Thursday, May 28, 2009
This week's question:
In the perfect follow-up to last week’s question, as suggested by C in DC:
Is there a book that you wish you could “unread”? One that you disliked so thoroughly you wish you could just forget that you ever read it?
This is a tough question! But, I've thought about it long and hard, and I don't think that there is a book that I look back on and say "I wish I hadn't have read that!" I mean, sure, I've read some not so great books (like The Shack comes to mind) but I usually get something out of them or at least am able to have a conversation with someone about it discussing why we did or didn't like a particular book. Also, very recently (as in yesterday), I wished that I hadn't have read the epilogue to The Host because I thought that it would have been better without it, but I still enjoyed the book as a whole.
I guess if there ever is a book that I really wish that I hadn't have read, I would probably quit reading it before I get to the end! Life is just too short to read bad books!
Tuesday, May 26, 2009
by Stephanie Meyer
I would never have picked up this book if Stephanie Meyer hadn't written the Twilight books. It wouldn't normally be my cup of tea...but I kind of enjoyed it.
The Host takes place in generic-time (probably sometime in the 21st century) USA. Aliens, known as souls, have pretty much taken over the Earth by inserting themselves into humans which are their host creatures. Souls are silver, plasma-like ribbon creatures which are inserted into the back of a human's neck (along the spinal cord) and they make connections into their host's brain. They retain all of their host's memories and some even keep their host's name, but the person who was there before is gone...usually. Since souls have taken over the Earth, it's become a more peaceful place. Souls don't want there to be violence, are incapable of lying, and are actually pretty boring. Most normal humans have been taken over by a soul, while some renegades still hide out, trying to avoid getting caught and being taken over by a "parasite."
In The Host, we follow a very particular soul named Wanderer (since she's lived 8 different life-times on 8 different planets while most souls only live one or two then stay in one place), gets inserted into a human who was discovered by Seekers (souls whose calling is to basically be a bounty hunter) and attempted to kill herself rather than be caught. Since this human, Melanie, had been surviving so long and was so against being taken over by a soul, she did not give in once Wanderer had been placed in her. Wanderer has to deal with having another voice in her head and soon realizes that she sympathizes with Melanie and that she cares about Melanie's family as if they were her own.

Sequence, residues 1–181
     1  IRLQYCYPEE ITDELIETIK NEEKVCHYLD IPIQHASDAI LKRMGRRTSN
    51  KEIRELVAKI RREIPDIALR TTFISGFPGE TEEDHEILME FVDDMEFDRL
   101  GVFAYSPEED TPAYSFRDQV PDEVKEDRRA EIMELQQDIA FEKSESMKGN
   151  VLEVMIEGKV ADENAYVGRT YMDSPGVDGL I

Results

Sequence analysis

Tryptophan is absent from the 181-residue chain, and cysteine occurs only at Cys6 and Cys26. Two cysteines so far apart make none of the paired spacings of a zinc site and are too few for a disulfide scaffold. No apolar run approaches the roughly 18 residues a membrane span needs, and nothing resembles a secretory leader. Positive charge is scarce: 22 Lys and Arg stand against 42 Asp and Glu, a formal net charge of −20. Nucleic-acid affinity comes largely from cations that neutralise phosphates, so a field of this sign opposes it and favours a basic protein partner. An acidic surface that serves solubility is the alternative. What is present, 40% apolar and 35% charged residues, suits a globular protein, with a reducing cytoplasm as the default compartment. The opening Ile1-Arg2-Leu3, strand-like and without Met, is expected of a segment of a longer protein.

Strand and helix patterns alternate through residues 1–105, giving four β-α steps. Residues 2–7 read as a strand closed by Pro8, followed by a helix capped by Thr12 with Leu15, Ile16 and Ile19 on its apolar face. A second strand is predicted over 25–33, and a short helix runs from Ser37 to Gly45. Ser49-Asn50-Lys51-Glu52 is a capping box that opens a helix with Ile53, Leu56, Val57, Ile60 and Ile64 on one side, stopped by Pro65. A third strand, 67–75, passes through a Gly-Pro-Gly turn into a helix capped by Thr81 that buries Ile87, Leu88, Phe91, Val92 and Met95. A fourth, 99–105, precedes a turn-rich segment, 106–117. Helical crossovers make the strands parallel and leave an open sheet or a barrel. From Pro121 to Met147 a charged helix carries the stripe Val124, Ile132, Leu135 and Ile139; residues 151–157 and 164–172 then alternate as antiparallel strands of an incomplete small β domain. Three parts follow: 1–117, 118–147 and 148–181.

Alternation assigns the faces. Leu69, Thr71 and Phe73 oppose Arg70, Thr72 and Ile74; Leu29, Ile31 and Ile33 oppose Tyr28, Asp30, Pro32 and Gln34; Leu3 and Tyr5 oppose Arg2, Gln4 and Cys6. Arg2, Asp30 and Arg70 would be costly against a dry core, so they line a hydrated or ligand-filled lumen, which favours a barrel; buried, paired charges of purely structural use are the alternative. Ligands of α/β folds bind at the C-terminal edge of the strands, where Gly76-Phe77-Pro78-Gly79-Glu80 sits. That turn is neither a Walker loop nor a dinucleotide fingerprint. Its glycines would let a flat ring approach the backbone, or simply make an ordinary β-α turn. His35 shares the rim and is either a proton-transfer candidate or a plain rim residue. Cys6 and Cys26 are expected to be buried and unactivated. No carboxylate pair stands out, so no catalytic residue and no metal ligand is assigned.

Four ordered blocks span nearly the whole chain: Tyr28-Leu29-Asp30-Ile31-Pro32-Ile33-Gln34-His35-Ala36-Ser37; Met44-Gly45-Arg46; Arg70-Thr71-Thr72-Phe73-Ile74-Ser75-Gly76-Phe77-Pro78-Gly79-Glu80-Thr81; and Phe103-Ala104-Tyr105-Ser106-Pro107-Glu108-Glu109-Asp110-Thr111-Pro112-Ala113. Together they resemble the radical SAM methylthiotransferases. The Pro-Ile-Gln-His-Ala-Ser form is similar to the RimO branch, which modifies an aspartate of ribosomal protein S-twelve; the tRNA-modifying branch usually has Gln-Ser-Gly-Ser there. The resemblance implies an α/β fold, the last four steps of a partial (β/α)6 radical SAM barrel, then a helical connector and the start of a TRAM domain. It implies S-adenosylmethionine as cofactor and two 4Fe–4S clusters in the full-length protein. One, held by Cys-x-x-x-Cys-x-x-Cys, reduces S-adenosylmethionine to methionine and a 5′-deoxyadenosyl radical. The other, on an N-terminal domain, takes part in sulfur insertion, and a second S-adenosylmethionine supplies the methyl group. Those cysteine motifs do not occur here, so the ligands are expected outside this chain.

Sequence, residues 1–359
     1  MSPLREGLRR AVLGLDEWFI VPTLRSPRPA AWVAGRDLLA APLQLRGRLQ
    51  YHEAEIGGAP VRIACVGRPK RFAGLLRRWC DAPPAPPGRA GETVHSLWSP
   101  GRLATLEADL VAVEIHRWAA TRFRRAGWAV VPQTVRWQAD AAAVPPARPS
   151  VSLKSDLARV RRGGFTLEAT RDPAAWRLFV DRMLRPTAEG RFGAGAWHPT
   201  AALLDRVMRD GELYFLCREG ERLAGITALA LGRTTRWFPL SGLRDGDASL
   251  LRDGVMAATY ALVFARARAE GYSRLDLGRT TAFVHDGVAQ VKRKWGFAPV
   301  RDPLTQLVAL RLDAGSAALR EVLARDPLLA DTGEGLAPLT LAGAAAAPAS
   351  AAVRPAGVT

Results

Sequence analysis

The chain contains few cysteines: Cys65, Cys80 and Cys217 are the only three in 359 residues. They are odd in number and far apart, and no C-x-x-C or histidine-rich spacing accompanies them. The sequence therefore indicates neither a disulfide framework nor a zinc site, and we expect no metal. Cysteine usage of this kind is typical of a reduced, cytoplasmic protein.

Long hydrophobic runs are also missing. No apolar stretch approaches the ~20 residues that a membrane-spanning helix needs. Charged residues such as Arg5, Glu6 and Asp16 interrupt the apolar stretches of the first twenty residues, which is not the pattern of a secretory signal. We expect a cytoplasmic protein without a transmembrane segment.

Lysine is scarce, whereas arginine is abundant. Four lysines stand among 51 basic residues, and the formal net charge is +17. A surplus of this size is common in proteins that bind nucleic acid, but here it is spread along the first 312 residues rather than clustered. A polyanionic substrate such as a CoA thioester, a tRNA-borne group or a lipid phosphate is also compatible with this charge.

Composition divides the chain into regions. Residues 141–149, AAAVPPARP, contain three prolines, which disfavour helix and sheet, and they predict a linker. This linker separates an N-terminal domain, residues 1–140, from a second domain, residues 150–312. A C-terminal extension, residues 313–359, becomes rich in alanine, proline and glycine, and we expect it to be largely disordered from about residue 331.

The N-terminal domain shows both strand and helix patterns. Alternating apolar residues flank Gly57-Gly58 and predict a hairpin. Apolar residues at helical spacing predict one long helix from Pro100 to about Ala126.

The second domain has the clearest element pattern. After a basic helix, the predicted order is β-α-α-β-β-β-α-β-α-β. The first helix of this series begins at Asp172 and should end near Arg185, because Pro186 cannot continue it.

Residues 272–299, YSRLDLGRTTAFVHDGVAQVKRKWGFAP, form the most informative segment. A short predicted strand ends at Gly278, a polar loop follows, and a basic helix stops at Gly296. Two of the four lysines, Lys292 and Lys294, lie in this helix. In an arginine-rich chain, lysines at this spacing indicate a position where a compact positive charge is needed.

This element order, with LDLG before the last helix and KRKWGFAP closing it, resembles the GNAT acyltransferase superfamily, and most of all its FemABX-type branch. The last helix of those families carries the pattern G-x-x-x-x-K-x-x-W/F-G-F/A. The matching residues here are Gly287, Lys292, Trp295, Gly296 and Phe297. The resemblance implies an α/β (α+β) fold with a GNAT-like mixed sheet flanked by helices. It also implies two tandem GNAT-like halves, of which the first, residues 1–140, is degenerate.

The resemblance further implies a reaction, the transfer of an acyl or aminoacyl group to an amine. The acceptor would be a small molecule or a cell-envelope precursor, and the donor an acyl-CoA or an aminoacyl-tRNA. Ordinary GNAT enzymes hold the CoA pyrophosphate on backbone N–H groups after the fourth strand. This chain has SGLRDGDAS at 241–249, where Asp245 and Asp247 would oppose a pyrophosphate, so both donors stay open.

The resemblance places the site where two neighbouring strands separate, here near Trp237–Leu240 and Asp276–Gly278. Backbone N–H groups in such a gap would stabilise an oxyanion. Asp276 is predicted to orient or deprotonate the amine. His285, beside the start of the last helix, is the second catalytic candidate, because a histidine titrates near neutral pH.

Once Wanderer figures out that she likes and trusts Melanie (and that the feeling is mutual), she finds a way to lose her seeker and treks out to find Melanie's love, Jared, and brother, Jamie, by clues given by Melanie's crazy uncle Jeb. Jeb finds her in the desert and takes her back to their renegade headquarters inside a mountain filled with lava tubes where 36 humans live. Of course, no one trusts Wanderer and some try to kill her and Jared hates her and much drama ensues....but then people begin to change their minds because Wanderer is just so NICE. One of the humans, Ian, falls in love with her. Jamie loves both Wanderer and his sister because he knows they are both in there. And Jared is just torn because it's his true love's body, and while the person in control is nice and everything, he wants Mel back.
In the end, Wanderer has to decide whether she wants to continue inhabiting Mel's body or sacrifice herself so Mel can return to her family. When I got to the end of the last chapter, wow, it was just this wonderfully perfect bittersweet ending. I was happy for some and oh-so-sad for others, but it was really how this story needed to end. Then Stephanie Meyer, in her true fashion, has to go and add on an epilogue which easily could have had "and they all lived happily ever after" as the last line. Why!!??! Why does Stephanie Meyer feel the need to make every ending so freakin' happy? Don't get me wrong, I like some warm fuzzies every once in a while but seriously, the book would have been GREAT without the epilogue! oh well. I'm docking a star for that cheese ball epilogue.
7.5 out of 10. It was an interesting read for sure, I just wish I would have stopped before the epilogue.
Now, in order to receive 25 points toward the Nest Book Club Spring Book Challenge, I have to think of a song that this book reminded me of, revise the lyrics, and come up with a Haiku. This part was easy because I couldn't get OAR's song The Wanderer out of my head throughout the WHOLE book! Maybe because I had just had that CD in the week before? I dunno. But literally, all day...In.My.Head. So here it is with some revised lyrics:
Mel and Wanderer
In the same body both love
Jared and Ian.
And thus commences the longest post ever! *curtsy*
- Teaser Tuesday is hosted by MizB at Should Be Reading.
- Grab your current read.
- Let the book fall open to a random page.
- Share with us two (2) “teaser” sentences from that page.
- You also need to share the title of the book that you’re getting your “teaser” from … that way people can have some great book recommendations if they like the teaser you’ve given!
- Please, no spoilers!!!
"And here was the message: the head hung separately, the body parts stacked on my ice tray, and that damned mirror again. Combined with the total lack of interest in everything else in the apartment, it all added up to only one thing.
page 129 of Darkly Dreaming Dexter by Jeff Lindsay
Such a good TV show and so far, the book is really good too! I highly suggest both. Review for this one should be up sometime tomorrow since I'm sure I'll finish it tonight.
Today’s MUSING MONDAYS post is about gift certificates…
Do you give gift certificates to book stores as presents? If so, do you give for actual stores or online stores? Do you like to receive them yourself?
I like to give book store gift certificates for presents to people that I know like books, but I don't necessarily know what they've read or would like to read. My husband and I actually gave Barnes and Noble gift cards to our host couple (an aunt and uncle) because we knew that they both like to read quite a bit, and we didn't know what restaurants they had near them, so a restaurant gift card was out. Barnes and Noble is my default gift card to get for a gift since they are pretty much everywhere (there's no Borders here, the closest is an hour away) and if there isn't a B&N around, you can also use it online. Their shipping rates are pretty reasonable as well. Oh, and if I do get someone an actual book as a gift, I almost always get that at B&N as well, and include a gift receipt just in case.